“Happy Dreams”: A Sleeping Crocodile
Nile Crocodile - Crocodylus niloticus
Nile crocodiles are the largest crocodilian (and reptile) in Africa, and are second in size only to saltwater crocodiles (Steve Irwin’s salties!), which are native to Australia and its surrounding seas.
However, saltwater crocodiles, while aggressive, don’t have the tendency to turn out “man hunters” like the Nile crocodiles do. This is largely because the Australian coastline is protected enough that native prey is still available at a level where predatory animals can survive. Nile crocodiles, however, do not have this advantage; the majority of the Nile crocodile range (aside from central Africa) has a high degree of overfishing and pollution of the freshwater rivers, to the point that some Nile crocs have turned to humans as a source of food.
One of these “man-eaters” is named Gustave - believed to be between 40 to 60 years old, he weighs about one ton (2000 lbs or ~900 kg), and is known to have eaten at least 300 humans in his lifetime. If sources with uncertain credibility are taken into account, he may have eaten upwards of 800 humans, including over 200 able-bodied adult males. Gustave’s home range is a section of the Ruzizi river near the border of Burundi and Rwanda, where several other “man-eating” crocodiles are known to live. Due to the ongoing civil wars that have been taking place in that region, people have been driven to the rivers as a sole source of food (as crop farms were frequently raided and/or burned), and the local terrestrial fauna has also been greatly reduced. Gustave’s attacks are only known to have begun around 30 years ago, though he would have been large enough to easily kill a human around 4-5 years of age. This puts his consumption of people as a direct result of the changing dietary habits of civilians, during the times of civil unrest.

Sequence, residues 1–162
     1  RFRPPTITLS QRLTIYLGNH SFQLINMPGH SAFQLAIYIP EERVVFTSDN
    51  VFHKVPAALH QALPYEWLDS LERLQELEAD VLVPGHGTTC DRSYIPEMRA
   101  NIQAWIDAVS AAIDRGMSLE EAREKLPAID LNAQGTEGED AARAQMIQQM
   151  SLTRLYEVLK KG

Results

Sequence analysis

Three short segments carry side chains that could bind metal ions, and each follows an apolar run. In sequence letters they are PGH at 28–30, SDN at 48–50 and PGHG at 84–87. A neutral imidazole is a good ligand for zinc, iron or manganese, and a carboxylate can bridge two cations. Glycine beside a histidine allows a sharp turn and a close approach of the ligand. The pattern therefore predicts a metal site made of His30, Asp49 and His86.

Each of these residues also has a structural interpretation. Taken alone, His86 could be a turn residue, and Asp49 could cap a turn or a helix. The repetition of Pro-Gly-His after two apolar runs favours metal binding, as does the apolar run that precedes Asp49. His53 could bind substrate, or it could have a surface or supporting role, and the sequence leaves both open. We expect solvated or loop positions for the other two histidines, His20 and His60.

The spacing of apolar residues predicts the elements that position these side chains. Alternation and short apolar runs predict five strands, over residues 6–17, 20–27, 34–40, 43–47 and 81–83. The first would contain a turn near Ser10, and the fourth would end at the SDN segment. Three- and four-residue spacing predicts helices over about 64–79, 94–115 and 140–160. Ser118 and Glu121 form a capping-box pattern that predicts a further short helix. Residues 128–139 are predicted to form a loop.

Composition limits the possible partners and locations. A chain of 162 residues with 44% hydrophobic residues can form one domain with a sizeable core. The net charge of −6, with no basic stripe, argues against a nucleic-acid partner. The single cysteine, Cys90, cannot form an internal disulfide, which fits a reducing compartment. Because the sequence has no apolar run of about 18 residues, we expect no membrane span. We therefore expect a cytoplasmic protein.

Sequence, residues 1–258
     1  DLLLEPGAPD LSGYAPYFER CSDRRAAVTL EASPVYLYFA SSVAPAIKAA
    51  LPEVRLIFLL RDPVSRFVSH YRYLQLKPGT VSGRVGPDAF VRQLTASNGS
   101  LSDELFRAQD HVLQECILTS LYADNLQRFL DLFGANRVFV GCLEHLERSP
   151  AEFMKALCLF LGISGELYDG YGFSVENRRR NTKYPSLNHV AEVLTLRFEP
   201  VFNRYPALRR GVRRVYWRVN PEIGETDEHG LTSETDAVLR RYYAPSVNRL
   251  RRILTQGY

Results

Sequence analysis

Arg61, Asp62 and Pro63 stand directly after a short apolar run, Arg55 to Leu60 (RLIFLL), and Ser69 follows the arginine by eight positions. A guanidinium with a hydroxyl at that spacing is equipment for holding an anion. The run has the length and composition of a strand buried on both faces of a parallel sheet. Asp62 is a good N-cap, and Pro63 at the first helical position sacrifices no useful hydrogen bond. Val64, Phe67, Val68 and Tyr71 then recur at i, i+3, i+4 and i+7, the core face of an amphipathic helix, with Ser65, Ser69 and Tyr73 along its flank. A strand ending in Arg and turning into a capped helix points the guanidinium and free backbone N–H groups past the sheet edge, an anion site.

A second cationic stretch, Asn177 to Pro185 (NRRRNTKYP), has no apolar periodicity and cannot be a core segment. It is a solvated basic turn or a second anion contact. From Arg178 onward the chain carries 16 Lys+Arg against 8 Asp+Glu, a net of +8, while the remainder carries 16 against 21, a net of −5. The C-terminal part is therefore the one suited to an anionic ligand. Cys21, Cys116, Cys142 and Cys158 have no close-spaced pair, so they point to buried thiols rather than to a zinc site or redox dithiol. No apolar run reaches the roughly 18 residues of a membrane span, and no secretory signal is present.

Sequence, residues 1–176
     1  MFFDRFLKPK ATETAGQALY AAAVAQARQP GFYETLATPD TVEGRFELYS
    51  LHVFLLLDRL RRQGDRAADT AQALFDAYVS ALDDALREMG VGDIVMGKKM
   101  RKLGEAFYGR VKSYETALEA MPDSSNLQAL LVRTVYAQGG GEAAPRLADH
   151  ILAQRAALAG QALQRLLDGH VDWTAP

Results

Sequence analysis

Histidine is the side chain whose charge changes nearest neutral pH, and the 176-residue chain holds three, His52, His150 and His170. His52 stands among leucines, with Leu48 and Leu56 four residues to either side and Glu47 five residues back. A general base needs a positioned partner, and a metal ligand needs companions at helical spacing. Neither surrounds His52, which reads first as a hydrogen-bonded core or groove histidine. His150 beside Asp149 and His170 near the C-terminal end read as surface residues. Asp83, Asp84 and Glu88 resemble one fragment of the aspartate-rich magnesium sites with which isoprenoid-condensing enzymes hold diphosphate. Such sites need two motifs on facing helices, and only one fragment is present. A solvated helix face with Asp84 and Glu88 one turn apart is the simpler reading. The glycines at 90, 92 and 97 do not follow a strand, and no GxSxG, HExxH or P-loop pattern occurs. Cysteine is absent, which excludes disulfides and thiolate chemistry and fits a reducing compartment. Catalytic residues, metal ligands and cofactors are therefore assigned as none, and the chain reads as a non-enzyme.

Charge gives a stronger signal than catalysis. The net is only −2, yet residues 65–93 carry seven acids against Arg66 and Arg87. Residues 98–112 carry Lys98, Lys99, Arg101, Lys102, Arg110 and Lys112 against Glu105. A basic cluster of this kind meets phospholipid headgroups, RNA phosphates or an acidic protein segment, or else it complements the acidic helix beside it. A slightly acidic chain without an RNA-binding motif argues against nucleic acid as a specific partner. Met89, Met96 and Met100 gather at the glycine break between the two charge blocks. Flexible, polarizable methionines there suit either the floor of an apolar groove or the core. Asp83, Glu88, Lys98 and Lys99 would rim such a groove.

The Uganda Protectorate. Sir Harry Johnston, 1902.